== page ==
Why is Oracle banking on the cloud?
Mumbai: Until about seven years ago, Larry Ellison, now executive chairman and chief technology officer of Oracle Corp., was unwilling to accept the term cloud computing or acknowledge reports that underscored it as a new trend.
The same company now is banking on cloud computing for growth and aiming for a global leadership position in the segment.
“Our aspiration is to be the most complete end-to-end cloud solutions provider,” said Shawn Price, a senior vice-president at Oracle Corp. who reports directly to co-CEO Mark Hurd, in an interview on Tuesday. He was in Mumbai to deliver the keynote speech at Oracle CloudWorld 2015 in the city.
Cloud is a metaphor for services delivered on a network such as the Internet. It comprises three broad segments—Software as a Service (SaaS), Platform as a Service (PaaS) and Infrastructure as a Service (IaaS).
It is delivered as a private or on-premise cloud, which means that the applications are hosted on the premises of a company; as a public cloud using the Internet; or as a mix of both models with some applications on-premise and others on the cloud,which is why it is called a hybrid cloud.
SaaS is paid for on a subscription or pay-per-use, basis. A PaaS solution, typically shown as sandwiched between a SaaS layer on top and IaaS layer below it, includes an operating system, programming language execution environment, database, and web server. In an IaaS model, a third-party provider allows users to host their hardware, software, servers, storage and other infrastructure components.
Oracle, currently the world’s second-largest SaaS company after Salesforce Inc., believes it has the “breadth and depth” to succeed since it has all the elements of a cloud computing strategy such as a database, applications, servers, an operating system (Solaris) and a programming language called Java that it acquired when it bought Sun Microsystems Inc. in April 2009 for $7.4 billion.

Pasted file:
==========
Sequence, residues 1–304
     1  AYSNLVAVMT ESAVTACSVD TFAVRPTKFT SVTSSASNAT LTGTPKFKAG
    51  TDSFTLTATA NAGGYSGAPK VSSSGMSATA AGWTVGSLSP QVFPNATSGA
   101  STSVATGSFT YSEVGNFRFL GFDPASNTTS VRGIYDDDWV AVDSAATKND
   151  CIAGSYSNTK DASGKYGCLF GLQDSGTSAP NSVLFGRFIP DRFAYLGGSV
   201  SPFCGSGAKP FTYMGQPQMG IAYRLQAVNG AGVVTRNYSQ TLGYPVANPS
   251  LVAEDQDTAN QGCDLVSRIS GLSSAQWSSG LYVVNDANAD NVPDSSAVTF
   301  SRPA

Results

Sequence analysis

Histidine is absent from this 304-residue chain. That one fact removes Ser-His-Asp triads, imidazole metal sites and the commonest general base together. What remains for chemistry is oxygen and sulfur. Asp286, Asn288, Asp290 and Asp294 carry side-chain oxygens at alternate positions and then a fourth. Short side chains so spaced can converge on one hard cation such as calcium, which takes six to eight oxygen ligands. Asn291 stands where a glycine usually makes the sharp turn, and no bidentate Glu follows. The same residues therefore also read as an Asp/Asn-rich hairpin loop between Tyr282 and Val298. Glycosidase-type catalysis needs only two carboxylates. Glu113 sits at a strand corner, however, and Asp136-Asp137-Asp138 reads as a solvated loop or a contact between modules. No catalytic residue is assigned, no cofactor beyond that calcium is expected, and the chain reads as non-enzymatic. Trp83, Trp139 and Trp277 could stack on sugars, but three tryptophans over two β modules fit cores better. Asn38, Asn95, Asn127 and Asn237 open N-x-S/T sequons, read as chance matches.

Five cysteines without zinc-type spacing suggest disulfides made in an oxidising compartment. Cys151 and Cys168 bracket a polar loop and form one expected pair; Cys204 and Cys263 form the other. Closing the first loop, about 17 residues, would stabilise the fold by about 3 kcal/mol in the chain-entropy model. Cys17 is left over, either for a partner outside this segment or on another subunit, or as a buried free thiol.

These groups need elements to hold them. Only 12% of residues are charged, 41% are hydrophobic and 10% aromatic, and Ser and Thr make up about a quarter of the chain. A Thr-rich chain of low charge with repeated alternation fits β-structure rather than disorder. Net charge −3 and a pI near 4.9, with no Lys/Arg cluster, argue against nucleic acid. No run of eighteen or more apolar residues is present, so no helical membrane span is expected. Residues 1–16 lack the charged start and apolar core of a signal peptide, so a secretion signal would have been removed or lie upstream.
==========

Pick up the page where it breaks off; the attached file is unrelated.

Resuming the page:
Price rejects the argument that Oracle is resorting to cloudwashing—tweaking existing offerings and rebranding them as ‘cloud’ services. “If you look at our ERP (enterprise resource planning) as an example, that was a completely new UI (user interface) that was started seven years ago,” said Price.
Oracle, he added, has more than 600 SaaS applications, about 70 million subscribers and 21 data centres in over 200 countries.
Revenue from cloud computing—SaaS, PaaS, and IaaS—totalled more than $1 billion in half-a-year, “with a run rate of more than $2 billion per year”, according to the company’s fiscal 2015 earnings report. The figure would still amount to a little over 5% of the company’s total revenue at around $38 billion, but Oracle’s cloud solutions are growing at over 25%, which makes it bullish.
“India is an excellent representation of the potential (of the cloud). Two things are driving cloud adoption—one is the shift in consumer sentiment and behaviour. The second is the changing business models of companies. India has millions of mobile subscribers; the e-commerce environment has never been more robust—14% of all Indians did commerce last month online—and you have companies that are transforming digital operations both within India and externally.
“Our strategy is to create a portfolio of applications in SaaS that resolve ERP, human capital management, CRM (customer relationship management), etc. SaaS fundamentally future proofs companies’ investments,” said Price.
Oracle has accordingly been ramping up its sales force in the Asia-Pacific region. On 26 March, the company said it would add 1,000 new sales people across Asia-Pacific, of which nearly 300 would be recruited in India.